Economic Development, Human Resources, and Small Business & Startups

Does your company have what it takes to be a Best and Brightest?

January 18, 2013
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The National Association for Business Resources is accepting nominations for its Best & Brightest Companies to Work For program through Feb. 1. Think your company has what it takes to earn a spot on that list?

Businesses might be interested in the asociation’s recent study on the shared components Best and Brightest companies have in common before filling out a nomination form.

Past winners are leading the way in human resource practices, creating cutting-edge programs and work environments to help employees excel, thereby creating economic success for the company. The study found that companies that made the list focus strategically on six key areas: communication, work-life balance, compensation and benefits, team building, community and diversity.

“Every year we look at what the marketplace is doing and we look at how we weight and score the program, and those weights do change from year to year,” said Jennifer Kluge, NABR president. “So, for example, strategic planning is weighted heavier than communication.”

Kluge said just because a company makes the list one year doesn’t mean it will earn a spot the following year. That’s because part of the program requires companies to continually implement new cutting-edge practices.

“If you truly are a Best and Brightest company, you need to learn and grow from other businesses who are also Best and Brightest,” Kluge said. “It’s about continuous improvement, continuously looking at these statistics, trends and models, and implementing them within their own firm.”

According to the NABR study, some of the best practices winning companies have in common are:

  • 91 percent use a company intranet or website to communicate with employees.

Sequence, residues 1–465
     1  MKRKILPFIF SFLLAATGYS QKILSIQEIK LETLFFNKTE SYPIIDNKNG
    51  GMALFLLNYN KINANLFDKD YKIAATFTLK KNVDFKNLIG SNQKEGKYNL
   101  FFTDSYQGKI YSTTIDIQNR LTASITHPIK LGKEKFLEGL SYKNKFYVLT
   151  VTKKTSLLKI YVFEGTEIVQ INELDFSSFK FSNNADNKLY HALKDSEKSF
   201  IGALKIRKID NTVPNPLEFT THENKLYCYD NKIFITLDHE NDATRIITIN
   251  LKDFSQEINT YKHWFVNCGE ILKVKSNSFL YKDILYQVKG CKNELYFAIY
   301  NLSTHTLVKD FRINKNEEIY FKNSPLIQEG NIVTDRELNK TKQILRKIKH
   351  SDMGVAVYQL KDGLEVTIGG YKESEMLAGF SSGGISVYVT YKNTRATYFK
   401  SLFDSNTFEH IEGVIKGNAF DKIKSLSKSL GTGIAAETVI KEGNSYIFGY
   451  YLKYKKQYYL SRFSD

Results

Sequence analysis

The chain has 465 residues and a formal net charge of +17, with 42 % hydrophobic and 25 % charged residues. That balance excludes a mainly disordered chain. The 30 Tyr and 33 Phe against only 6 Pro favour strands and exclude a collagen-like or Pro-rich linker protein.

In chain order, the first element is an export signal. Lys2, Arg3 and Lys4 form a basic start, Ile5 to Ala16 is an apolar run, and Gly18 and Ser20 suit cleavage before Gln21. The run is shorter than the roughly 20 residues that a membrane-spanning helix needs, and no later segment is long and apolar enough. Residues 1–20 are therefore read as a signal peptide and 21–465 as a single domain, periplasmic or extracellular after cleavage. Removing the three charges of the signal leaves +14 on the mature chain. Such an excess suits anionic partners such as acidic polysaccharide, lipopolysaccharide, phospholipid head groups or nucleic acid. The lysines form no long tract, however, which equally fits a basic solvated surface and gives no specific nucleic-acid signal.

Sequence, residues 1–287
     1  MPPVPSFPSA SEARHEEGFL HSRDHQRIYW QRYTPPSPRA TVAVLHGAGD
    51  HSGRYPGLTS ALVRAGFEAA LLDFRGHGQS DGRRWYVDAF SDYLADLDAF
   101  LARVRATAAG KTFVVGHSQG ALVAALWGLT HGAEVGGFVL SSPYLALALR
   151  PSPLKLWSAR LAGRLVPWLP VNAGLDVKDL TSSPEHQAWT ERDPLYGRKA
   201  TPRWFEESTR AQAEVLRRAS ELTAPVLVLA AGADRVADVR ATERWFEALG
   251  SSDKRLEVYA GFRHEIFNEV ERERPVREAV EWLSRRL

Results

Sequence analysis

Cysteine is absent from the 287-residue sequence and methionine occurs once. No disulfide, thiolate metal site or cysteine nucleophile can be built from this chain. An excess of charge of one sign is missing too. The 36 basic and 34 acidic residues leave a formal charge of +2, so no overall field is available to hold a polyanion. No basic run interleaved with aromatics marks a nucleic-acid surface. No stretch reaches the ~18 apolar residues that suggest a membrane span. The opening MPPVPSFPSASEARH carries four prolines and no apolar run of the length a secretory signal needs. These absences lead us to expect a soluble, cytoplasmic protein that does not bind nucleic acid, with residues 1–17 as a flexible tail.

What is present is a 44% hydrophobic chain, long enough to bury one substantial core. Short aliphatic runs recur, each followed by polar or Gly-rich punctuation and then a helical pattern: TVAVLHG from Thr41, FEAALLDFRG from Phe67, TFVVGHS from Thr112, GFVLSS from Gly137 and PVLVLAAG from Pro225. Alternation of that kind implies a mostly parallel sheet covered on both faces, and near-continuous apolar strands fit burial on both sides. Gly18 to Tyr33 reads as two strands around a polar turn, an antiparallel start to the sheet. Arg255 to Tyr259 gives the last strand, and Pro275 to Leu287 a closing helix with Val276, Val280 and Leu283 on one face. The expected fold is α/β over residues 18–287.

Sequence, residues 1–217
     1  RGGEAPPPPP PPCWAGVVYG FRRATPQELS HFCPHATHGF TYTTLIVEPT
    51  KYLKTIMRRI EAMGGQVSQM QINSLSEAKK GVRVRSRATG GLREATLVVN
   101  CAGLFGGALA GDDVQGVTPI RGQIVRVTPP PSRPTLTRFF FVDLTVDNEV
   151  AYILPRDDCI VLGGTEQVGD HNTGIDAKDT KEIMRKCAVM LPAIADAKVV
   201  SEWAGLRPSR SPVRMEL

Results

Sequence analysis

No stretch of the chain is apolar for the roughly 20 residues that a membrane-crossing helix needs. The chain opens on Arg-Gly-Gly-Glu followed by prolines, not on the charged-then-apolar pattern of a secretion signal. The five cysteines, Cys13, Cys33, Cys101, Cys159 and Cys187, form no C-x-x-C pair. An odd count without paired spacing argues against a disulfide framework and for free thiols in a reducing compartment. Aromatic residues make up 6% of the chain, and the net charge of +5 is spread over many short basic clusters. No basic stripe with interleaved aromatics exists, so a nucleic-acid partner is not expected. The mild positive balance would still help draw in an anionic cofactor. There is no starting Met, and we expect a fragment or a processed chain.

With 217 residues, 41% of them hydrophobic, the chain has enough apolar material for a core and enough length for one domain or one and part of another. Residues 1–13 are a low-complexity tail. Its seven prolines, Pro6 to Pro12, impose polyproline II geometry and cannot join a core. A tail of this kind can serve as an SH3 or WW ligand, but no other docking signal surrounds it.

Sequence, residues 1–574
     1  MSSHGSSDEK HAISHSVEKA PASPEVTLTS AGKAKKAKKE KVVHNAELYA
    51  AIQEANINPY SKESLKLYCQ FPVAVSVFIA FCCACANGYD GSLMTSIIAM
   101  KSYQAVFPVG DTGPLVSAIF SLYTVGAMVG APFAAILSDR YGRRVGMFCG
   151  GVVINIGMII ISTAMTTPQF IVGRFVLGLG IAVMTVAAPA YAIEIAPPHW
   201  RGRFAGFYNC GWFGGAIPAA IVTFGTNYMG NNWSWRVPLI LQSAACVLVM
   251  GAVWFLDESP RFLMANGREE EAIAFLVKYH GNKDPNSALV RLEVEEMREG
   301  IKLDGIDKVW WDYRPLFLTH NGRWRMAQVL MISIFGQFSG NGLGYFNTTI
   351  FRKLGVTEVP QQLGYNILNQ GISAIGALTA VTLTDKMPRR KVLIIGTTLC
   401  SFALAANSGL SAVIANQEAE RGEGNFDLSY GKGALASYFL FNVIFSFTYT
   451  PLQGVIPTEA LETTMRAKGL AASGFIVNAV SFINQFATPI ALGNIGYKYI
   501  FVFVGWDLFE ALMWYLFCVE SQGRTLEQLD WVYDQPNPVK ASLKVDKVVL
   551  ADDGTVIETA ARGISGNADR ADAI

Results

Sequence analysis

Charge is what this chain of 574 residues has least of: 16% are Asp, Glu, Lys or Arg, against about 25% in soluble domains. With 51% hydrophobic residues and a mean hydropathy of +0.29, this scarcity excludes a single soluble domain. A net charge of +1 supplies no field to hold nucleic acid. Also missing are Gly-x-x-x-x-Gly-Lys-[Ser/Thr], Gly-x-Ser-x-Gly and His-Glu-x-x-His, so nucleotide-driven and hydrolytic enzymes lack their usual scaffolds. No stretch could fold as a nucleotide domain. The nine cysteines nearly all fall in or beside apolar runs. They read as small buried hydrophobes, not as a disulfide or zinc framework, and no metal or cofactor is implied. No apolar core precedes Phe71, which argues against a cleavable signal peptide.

• 80 percent use some type of survey to annually gauge employee engagement.
  • 90 percent offer flexible scheduling, including flex time and job sharing.
  • 75 percent offer employees the opportunity to telecommute.
  • 78 percent offer employee discounts with area vendors.
  • 98 percent encourage employees to participate in skills training.
  • 87 percent conduct on-site activities such as blood banks or food drives.

Diversity is a key strategic goal for many companies because it’s been shown again and again that diversity within a company’s work force equates to greater innovation, ingenuity and diversity in customers and suppliers.

Kluge points out what some of the top companies do differently in this area.

“As it relates to West Michigan, I think a strategic goal is not only welcoming diversity but ensuring that it’s beyond just the job. If I’m of diverse heritage and I come and work for a Michigan company, I might be the happiest person on earth within my job, but we also have to make sure that the community welcomes them and that the community respects diversity, and that they feel like they are part of a very diverse culture in West Michigan.

“What a lot of employers are doing is not only onboarding the employee, but they are ensuring quality of lifestyle for their family, they are helping them find the right schools, they are helping them get acclimated to the community, find the right community for them, and get involved in the community — feel like they are part of something, instead of just rewarded in their job. It takes both pieces.”

Another key area companies focus on is work-life balance. Best and Brightest companies share an understanding that each employee and generation has different needs and expectations in this area.

Kluge said Best and Brightest companies steer away from cookie-cutter policies and tend to allow individual employees to work according to their needs, whether it’s from a coffee shop or at a desk or through flex time policies that fit the person’s lifestyle needs.

She said companies also are finding innovative ways to deal with the impending retirement of the biggest generation of workers so far.

“One West Michigan company put together a program to do a slow retirement. Instead of people with talents and know-how just leaving, they roll them into a mentoring position and then they keep them in either a part-time or flex-time capacity to help ensure that knowledge isn’t lost.”

This also benefits the worker who might not want to enter full retirement but does want to cut back his or her time at the office.

Kluge said another important thing about top-scoring businesses is they consistently show leadership from the CEO and other C-suite members.

The Best and Brightest program is presented annually in five markets: Atlanta, Chicago, Detroit, Grand Rapids and Houston. West Michigan’s 2013 Best and Brightest awards will take place May 2, at
 The Pinnacle Center in Hudsonville.

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